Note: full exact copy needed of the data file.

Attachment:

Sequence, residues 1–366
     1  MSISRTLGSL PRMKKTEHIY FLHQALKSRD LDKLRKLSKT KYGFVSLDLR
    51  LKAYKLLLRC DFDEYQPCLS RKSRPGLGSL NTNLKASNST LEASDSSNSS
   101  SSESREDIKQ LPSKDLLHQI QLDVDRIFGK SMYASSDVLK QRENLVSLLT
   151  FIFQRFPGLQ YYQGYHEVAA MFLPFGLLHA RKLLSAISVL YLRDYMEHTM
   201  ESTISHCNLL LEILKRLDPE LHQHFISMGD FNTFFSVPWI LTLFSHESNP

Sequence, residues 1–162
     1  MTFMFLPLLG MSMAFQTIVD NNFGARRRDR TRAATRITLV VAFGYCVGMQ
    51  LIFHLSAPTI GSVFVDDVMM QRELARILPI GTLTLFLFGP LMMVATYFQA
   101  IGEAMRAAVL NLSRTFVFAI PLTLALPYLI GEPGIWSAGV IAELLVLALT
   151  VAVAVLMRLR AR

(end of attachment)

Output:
Sequence, residues 1–366
     1  MSISRTLGSL PRMKKTEHIY FLHQALKSRD LDKLRKLSKT KYGFVSLDLR
    51  LKAYKLLLRC DFDEYQPCLS RKSRPGLGSL NTNLKASNST LEASDSSNSS
   101  SSESREDIKQ LPSKDLLHQI QLDVDRIFGK SMYASSDVLK QRENLVSLLT
   151  FIFQRFPGLQ YYQGYHEVAA MFLPFGLLHA RKLLSAISVL YLRDYMEHTM
   201  ESTISHCNLL LEILKRLDPE LHQHFISMGD FNTFFSVPWI LTLFSHESNP

Sequence, residues 1–162
     1  MTFMFLPLLG MSMAFQTIVD NNFGARRRDR TRAATRITLV VAFGYCVGMQ
    51  LIFHLSAPTI GSVFVDDVMM QRELARILPI GTLTLFLFGP LMMVATYFQA
   101  IGEAMRAAVL NLSRTFVFAI PLTLALPYLI GEPGIWSAGV IAELLVLALT
   151  VAVAVLMRLR AR